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Listeria Recall: Lemongrass Basil Chicken Entrées

Winter Gardens Quality Foods, Inc., a New Oxford, Pa. establishment, is recalling approximately 42 pounds of Lemongrass Basil Chicken entrées that may be adulterated with Listeria monocytogenes, the U.S. Department of Agriculture’s Food Safety and Inspection Service (FSIS) announced today.

The ready-to-eat, Lifestyle Foods Inc. brand of Lemongrass Basil Chicken product was produced on June 13 and June 14, 2016. The following product is subject to recall:

8.0-oz. (227g) individually wrapped entrée packages labeled “Lifestyle Foods Lemongrass Basil Chicken Entrée – Brown Rice in a Thai Style Sauce with Grilled Chicken and Green Beans.” The product has “Enjoy By” dates of June 28, 2016 and June 29, 2016.

The products subject to recall bear establishment number “P-9815” inside the USDA mark of inspection. These items were shipped to distributors in Maryland, Massachusetts, New Jersey, North Carolina, Pennsylvania, Virginia, and Washington D.C.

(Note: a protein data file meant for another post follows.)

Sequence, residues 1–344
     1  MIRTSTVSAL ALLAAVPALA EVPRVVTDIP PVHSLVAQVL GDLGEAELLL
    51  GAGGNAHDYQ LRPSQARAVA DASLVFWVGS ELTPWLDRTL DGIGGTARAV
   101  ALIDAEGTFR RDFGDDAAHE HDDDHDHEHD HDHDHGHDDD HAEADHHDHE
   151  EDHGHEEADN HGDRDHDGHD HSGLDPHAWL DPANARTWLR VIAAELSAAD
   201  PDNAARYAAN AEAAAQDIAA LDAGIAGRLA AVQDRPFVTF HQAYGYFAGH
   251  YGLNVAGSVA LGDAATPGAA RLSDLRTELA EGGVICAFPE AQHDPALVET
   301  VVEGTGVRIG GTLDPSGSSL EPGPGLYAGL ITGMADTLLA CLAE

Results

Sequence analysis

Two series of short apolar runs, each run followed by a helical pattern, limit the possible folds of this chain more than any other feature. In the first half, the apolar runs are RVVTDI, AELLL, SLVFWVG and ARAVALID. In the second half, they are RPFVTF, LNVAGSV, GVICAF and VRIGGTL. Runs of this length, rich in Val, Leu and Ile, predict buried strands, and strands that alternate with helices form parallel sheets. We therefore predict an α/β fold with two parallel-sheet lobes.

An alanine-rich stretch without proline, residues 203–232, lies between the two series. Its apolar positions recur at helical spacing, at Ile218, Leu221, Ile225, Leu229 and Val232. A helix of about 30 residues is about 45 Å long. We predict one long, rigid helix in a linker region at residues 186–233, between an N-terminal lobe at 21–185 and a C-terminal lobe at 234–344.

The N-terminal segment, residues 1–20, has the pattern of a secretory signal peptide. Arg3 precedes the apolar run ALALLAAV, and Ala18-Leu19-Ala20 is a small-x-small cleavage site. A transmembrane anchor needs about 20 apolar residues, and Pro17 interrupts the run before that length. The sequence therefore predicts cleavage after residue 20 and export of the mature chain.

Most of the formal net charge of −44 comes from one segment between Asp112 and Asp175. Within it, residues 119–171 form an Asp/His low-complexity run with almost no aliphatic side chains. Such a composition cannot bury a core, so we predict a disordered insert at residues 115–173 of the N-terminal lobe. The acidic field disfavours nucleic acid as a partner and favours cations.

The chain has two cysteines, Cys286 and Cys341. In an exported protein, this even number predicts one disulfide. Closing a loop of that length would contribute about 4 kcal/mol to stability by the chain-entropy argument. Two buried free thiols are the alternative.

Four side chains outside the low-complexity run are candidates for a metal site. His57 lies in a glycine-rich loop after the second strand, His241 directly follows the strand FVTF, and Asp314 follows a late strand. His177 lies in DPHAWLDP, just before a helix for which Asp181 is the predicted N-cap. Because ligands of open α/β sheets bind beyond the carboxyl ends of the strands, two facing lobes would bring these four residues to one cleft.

The problem was discovered when Winter Gardens Quality Foods, Inc. notified FSIS that a component of the product had tested positive for Listeria monocytogenes. There have been no confirmed reports of illness or adverse reactions due to consumption of these products.

Consumption of food contaminated with Listeria monocytogenes can cause listeriosis, a serious infection that primarily affects older adults, persons with weakened immune systems, and pregnant women and their newborns. Less commonly, persons outside these risk groups are affected.

Listeriosis can cause fever, muscle aches, headache, stiff neck, confusion, loss of balance and convulsions sometimes preceded by diarrhea or other gastrointestinal symptoms. An invasive infection spreads beyond the gastrointestinal tract. In pregnant women, the infection can cause miscarriages, stillbirths, premature delivery or life-threatening infection of the newborn. In addition, serious and sometimes fatal infections in older adults and persons with weakened immune systems. Listeriosis is treated with antibiotics. Persons in the higher-risk categories who experience flu-like symptoms within two months after eating contaminated food should seek medical care and tell the health care provider about eating the contaminated food.